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Acad Emerg Med. 2005 Jun;12(6):522-7.

Implementation of acute myocardial infarction guidelines in community hospitals.

Author information

1
Department of Emergency Medicine, Ridgeview Medical Center, Waconia, MN, USA. dlarsonmd@visi.com

Abstract

OBJECTIVES:

To obtain information regarding the current use of guidelines and protocols and quality assessment practices for the management of ST-segment elevation myocardial infarction in Minnesota hospitals without cardiac catheterization laboratories.

METHODS:

Structured surveys were mailed in 2003 to emergency department medical directors or nurse managers in 111 hospitals in Minnesota that did not have cardiac catheterization laboratories. Of the 111 hospitals surveyed, 104 (94%) responded.

RESULTS:

Sixty-three percent of responding hospitals have guidelines or protocols; 57% use standing orders for ST-segment elevation myocardial infarction. Thirty-three percent have neither. Of those with guidelines, protocols, or standing orders, 8% address triage and transfer criteria, 86% thrombolytics, 91% aspirin, and 71% beta-blockers. Fifty percent have quality assessment processes in place for ST-segment elevation myocardial infarction.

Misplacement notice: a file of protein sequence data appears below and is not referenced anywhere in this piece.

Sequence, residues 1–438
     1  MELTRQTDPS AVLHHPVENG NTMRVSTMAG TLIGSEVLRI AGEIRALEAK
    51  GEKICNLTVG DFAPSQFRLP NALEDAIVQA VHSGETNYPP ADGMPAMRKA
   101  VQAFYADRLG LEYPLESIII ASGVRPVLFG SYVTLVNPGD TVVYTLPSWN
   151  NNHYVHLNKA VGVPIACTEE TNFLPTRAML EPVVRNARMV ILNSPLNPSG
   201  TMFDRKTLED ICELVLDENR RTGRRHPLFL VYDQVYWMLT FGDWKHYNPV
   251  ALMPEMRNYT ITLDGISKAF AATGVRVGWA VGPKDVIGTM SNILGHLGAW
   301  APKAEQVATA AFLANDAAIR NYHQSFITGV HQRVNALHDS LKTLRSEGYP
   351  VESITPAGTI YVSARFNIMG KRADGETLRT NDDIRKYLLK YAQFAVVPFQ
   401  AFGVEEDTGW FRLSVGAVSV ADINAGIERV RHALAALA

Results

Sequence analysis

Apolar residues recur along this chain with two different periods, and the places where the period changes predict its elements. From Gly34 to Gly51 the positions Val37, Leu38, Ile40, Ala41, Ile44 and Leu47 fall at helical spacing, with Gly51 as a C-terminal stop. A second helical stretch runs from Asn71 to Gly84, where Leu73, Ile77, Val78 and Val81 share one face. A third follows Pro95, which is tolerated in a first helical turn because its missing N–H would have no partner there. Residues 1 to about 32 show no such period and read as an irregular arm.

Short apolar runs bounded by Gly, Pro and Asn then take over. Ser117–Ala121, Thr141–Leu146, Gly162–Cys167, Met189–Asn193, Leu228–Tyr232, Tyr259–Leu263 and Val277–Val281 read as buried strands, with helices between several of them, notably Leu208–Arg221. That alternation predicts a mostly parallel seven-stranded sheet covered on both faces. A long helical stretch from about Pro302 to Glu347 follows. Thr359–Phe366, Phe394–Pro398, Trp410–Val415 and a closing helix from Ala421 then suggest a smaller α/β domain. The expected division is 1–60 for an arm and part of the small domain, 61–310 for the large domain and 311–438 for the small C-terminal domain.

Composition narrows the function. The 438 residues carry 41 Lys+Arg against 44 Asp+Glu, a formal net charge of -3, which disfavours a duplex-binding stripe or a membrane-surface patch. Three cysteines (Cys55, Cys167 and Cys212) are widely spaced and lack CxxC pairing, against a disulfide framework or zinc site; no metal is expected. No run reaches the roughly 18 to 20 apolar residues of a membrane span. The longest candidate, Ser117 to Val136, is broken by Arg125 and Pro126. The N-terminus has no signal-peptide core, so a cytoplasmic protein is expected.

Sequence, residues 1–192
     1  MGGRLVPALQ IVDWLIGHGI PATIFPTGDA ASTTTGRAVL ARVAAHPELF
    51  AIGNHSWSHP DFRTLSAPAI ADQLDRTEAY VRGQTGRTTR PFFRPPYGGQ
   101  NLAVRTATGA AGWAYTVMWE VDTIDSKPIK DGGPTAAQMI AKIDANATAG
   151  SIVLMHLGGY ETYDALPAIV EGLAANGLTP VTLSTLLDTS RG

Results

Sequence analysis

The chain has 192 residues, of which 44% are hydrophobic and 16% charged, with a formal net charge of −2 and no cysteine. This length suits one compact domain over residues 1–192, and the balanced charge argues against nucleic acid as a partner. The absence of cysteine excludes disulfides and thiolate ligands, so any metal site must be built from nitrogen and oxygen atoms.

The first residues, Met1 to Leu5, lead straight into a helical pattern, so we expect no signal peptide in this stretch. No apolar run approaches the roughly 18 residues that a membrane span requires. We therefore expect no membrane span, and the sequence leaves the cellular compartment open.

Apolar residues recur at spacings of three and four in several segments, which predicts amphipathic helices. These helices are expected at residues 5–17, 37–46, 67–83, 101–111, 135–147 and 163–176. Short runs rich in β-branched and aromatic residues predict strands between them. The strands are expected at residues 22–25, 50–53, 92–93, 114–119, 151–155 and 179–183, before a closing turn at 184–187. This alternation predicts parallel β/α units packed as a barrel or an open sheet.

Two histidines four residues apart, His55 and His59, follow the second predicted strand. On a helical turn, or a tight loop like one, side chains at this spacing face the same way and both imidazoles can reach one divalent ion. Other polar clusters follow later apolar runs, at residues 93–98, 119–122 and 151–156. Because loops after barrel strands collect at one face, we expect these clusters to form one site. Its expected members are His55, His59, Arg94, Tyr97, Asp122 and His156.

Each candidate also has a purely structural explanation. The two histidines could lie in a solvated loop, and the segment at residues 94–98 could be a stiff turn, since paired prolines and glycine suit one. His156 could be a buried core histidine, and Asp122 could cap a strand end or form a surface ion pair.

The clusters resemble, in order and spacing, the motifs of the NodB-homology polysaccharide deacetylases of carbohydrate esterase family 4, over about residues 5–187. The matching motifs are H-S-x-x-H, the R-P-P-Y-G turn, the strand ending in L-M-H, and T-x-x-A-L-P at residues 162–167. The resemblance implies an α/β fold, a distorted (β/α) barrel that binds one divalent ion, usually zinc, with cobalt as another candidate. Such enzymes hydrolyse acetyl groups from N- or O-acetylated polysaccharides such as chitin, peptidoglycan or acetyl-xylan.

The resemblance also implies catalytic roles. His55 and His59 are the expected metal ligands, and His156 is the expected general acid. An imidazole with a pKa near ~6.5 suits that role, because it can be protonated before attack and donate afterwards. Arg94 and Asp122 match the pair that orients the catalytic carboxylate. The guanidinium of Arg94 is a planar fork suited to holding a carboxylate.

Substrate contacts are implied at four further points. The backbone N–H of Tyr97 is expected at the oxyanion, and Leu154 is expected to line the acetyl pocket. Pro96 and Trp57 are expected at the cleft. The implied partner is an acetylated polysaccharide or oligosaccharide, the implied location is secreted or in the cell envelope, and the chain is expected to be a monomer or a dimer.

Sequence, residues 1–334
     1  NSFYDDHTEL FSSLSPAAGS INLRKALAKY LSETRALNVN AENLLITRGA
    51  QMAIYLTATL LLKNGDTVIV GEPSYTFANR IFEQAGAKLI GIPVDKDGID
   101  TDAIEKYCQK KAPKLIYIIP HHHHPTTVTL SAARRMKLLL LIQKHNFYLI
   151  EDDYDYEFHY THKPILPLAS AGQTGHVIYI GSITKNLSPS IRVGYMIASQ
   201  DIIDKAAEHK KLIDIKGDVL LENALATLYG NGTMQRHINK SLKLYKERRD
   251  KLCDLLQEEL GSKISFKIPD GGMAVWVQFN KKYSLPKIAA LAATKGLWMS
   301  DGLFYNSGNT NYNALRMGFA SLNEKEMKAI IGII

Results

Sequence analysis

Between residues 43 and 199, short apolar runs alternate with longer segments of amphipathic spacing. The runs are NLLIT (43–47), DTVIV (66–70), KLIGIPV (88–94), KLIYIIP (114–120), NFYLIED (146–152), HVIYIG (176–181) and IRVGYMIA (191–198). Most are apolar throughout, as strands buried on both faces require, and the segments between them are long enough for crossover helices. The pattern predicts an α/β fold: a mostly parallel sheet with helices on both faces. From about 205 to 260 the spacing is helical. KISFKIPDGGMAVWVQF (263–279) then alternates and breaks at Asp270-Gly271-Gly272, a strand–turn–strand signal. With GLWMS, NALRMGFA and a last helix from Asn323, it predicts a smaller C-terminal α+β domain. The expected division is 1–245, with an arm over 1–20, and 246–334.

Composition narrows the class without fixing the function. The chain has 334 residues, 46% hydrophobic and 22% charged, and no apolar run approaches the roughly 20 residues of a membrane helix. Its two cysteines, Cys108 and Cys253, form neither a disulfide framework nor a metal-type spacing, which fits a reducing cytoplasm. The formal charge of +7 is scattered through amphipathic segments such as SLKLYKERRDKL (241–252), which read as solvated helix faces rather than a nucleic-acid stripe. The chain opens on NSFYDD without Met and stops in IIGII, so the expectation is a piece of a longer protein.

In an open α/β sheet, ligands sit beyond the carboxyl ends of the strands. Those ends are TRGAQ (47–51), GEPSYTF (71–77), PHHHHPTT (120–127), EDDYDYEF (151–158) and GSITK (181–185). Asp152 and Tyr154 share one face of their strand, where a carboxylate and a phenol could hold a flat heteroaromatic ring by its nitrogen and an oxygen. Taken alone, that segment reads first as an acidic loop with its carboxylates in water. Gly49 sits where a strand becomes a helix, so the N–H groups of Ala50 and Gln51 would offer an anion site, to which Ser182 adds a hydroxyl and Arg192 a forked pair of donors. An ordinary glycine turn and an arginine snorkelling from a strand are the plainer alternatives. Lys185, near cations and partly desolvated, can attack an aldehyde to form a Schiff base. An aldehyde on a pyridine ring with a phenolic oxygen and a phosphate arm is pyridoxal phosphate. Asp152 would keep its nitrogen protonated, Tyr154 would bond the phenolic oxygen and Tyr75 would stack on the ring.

CONCLUSIONS:

Recommendations from the National Heart Attack Alert Program issued more than ten years ago and, more recently, the updated American College of Cardiology/American Heart Association Guidelines for the Management of Patients With ST-Elevation Myocardial Infarction suggest development of emergency department and hospital-specific guidelines and protocols for ST-segment elevation myocardial infarction. Currently, only two thirds of community hospitals in Minnesota have these in place; when present, these guidelines are often incomplete and rarely address transfer criteria to hospitals with percutaneous coronary intervention capability. Quality assessment occurred in 50% of hospitals surveyed. Programs to help community hospitals develop and implement guidelines and quality improvement should be encouraged and supported.

PMID:
15930403
DOI:
10.1197/j.aem.2005.01.008
[Indexed for MEDLINE]
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